Tigermom’s Norwegian scallops with XO butter

In this new content series, we take a closer look at key dishes from your favourite restaurants around the world.

By Max Veenhuyzen

Waste not, want not: this resourceful (and delicious) dish is a strong argument for further adventures in Scandinavian-Chinese cookery.

Lisa Lov opened Tigermom in Copenhagen to change people’s perceptions about Asian food and culture.

She wants people to know that Asian food can be considered, but accessible. That Asian restaurants can be contemporary, thoughtfully designed spaces that are free of tired tropes. That Asian cooks can (and should) be using top-shelf, organic ingredients. In terms of a spirit dish that embodies Lov’s thinking, it’s hard to go past Tigermom’s Norwegian scallop: quickly pan-seared, sliced, then finished on a Japanese konro grill where it’s warmed through in its shell with a sauce made by whipping together butter and a house-made XO sauce.

While the scallop might be the star of the dish – not surprising considering each scallop is hand-dived by Scotsman Roddie Sloan, supplier to restaurants such as Noma and St John – the accompany XO butter is an equally important part of the story and speaks loudly to Lov’s Chinese-Cambodian heritage as well as her commitment to provenance.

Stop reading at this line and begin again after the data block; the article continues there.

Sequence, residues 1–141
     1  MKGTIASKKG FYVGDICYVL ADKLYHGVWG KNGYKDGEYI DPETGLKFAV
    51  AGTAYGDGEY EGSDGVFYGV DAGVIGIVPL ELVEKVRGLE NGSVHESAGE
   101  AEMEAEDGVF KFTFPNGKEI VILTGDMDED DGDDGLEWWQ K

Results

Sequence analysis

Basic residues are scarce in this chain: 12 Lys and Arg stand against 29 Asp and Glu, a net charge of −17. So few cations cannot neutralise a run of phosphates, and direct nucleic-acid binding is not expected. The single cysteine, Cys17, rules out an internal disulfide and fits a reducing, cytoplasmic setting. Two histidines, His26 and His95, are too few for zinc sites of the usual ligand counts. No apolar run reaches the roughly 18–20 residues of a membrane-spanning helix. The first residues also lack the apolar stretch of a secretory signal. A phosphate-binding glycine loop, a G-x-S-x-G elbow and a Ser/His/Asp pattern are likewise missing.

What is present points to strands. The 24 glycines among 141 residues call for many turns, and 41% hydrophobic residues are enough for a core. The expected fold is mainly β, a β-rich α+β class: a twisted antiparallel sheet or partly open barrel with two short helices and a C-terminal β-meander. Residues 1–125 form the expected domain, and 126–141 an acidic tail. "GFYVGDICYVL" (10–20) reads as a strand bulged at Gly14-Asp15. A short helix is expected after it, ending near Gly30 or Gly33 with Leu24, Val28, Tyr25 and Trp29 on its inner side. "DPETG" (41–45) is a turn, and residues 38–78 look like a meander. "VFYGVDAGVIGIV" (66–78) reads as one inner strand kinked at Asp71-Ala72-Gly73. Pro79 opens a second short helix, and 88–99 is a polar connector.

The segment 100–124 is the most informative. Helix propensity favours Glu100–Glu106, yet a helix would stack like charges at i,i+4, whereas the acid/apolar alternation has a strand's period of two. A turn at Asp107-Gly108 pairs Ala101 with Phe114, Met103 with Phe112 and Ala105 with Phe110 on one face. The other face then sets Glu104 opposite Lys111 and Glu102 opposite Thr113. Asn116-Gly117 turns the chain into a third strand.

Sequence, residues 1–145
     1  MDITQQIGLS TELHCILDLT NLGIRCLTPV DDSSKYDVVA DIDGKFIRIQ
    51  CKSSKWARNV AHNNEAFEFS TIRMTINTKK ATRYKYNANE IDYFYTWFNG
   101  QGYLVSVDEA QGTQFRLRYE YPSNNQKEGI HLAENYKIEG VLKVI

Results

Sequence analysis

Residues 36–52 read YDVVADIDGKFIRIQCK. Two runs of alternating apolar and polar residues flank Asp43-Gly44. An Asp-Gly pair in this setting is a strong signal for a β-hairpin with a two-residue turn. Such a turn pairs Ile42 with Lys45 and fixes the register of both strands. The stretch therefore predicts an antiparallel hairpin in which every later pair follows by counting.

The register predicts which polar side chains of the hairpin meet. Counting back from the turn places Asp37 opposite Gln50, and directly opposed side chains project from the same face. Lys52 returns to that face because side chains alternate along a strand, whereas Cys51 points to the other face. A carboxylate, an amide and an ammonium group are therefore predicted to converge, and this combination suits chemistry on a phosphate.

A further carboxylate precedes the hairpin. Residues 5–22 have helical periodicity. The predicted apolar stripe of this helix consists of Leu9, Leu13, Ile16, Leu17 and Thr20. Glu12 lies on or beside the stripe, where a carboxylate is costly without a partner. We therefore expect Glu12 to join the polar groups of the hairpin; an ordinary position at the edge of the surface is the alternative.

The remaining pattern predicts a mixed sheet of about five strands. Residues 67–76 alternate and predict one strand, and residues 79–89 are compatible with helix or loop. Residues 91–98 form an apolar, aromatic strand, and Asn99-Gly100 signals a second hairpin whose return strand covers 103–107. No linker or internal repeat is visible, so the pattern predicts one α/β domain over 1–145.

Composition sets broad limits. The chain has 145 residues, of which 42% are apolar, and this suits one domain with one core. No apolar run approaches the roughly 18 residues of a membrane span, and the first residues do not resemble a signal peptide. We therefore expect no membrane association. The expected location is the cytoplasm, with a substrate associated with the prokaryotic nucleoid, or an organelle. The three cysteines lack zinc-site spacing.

“XO sauce isn’t something I grew up with,” says Lov who was raised in New Zealand. “When my family went out for dinner, we would always go to Chinese restaurants where I’d see it on menus. That’s how I got to know it.”

A complex, savoury condiment made with dried seafood, Chinese ham and chilli, XO sauce first appeared in high-end Chinese restaurants in Hong Kong during the 80s and has been steadily making its way around the world since. In Lov’s case, it was visiting Canadian chef and friend David Gunawan that laid the foundation or Tigermom’s house-made XO butter: he showed her the basics of making XO sauce. Lov made it her own by putting local ingredients front and centre, starting with the dehydrated scallop roe and skirt. (Dried squid, prawns and mussels are among the other seafood scraps that have made their way into the sauce). Rather than seek out Chinese or even European hams, team Tigermom source charcuterie and sausage off-cuts from Baest, Christian Puglisi’s buzzy pizzeria with a strong DIY ethos.

While Tigermom’s XO sauce isn’t 100 per cent local – Cognac, for example, is one of the sauce’s non-Scandinavian components – there’s enough homegrown flavour in it to suggest the sauce owes as much to Europe as it does to Asia. While taste is behind Lov’s decision to make her own XO sauce (“I haven’t tasted an XO sauce in a jar that is as good as I would like it to taste”), there are other reasons driving her decision.

“We see it as a sustainability project in a sense,” says Lov. “We try not to waste anything, especially not seafood which is very expensive and sad to waste. Whenever it’s possible, I want things to be local. For me, it’s common sense.”

Although the scallop with XO butter is no longer on the Tigermom menu, the XO sauce has become one of the restaurant’s more versatile condiments and is used to add punch to stir-fries as well as grilled vegetable sides (ears of baby corn, say). Like Tigermom as a whole, it’s a condiment that challenges the status quo when it comes to Asian food.

Read chef Lisa Lov’s guide to eating and drinking in Copenhagen, Denmark.

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